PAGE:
At the end of the 12-month intervention, there was an overall 87% retention rate. Correlations among independent variables and measures of well-being are presented in Table 1. Self-determination ( ), perceived need support ( ), treatment autonomous self-regulation ( ), and exercise autonomous self-regulation ( ) were positively associated with the global well-being z-score, while treatment controlled self-regulation was negatively correlated with well-being ( ). Similar results were found after adjusting for group. More specifically, self-determination correlated positively with HRQOL and self-esteem, and negatively with depression and anxiety. Regarding self-determination theory treatment variables, perceived need support was positively correlated with physical, mental, and weight-related HRQOL, and with self-esteem; in turn, correlations were negative with depression and anxiety. Treatment autonomous self-regulation was positively associated with physical and weight-related HRQOL, negatively with depression and anxiety, and not related to mental HRQOL. Conversely, treatment controlled self-regulation correlated positively with anxiety and negatively with self-esteem, physical, and weight-related HRQOL. For exercise variables, results indicated that autonomous self-regulation was positively associated with HRQOL and self-esteem, but negatively correlated with anxiety. Controlled exercise self-regulation was generally not associated with psychological outcomes.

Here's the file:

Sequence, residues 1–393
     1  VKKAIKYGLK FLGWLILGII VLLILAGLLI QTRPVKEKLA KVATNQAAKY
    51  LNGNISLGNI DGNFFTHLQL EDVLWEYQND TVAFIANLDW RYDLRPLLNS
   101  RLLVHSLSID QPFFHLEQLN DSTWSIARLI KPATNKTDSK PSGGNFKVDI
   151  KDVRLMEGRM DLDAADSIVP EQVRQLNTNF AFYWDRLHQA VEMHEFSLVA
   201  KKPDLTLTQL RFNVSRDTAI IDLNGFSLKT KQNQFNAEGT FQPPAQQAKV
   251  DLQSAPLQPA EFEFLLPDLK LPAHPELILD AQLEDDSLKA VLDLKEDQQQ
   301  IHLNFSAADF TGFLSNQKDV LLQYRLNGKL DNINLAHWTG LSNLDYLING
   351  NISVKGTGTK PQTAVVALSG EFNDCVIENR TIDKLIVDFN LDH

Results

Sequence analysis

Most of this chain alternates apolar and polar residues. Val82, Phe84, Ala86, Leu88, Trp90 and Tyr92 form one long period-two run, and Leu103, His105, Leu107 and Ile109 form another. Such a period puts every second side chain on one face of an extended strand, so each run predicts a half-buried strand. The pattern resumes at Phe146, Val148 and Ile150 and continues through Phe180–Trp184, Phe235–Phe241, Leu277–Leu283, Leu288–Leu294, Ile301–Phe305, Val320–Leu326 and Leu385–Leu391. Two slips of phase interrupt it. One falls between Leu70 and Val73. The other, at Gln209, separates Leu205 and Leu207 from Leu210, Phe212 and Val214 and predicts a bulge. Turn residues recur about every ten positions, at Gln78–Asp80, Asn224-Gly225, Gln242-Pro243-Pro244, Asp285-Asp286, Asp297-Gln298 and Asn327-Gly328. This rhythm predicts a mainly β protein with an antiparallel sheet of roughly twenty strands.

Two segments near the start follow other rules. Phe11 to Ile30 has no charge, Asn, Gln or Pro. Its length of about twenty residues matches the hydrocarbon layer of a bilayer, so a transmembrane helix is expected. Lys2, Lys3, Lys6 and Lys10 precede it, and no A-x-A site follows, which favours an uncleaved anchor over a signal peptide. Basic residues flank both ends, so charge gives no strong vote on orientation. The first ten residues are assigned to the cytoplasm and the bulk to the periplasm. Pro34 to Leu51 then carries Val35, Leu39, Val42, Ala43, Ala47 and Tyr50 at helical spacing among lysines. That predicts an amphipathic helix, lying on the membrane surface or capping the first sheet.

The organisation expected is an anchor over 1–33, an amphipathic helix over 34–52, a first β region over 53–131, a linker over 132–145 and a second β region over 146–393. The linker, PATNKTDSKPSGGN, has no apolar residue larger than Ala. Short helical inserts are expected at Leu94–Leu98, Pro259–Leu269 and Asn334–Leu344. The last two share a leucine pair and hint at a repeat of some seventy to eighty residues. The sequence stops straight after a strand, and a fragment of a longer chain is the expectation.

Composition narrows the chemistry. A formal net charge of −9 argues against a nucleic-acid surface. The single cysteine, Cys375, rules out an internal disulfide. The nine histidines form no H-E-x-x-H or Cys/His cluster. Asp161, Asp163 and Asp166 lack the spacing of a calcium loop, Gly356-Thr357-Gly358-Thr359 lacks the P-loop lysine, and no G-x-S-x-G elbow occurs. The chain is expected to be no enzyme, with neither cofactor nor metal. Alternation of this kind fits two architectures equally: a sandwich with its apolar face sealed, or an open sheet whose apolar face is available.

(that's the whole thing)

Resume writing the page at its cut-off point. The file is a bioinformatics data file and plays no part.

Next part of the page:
PCS HRQOLMCS HRQOLObesity specific HRQOLSelf-EsteemDepressionAnxietyz-score  well-being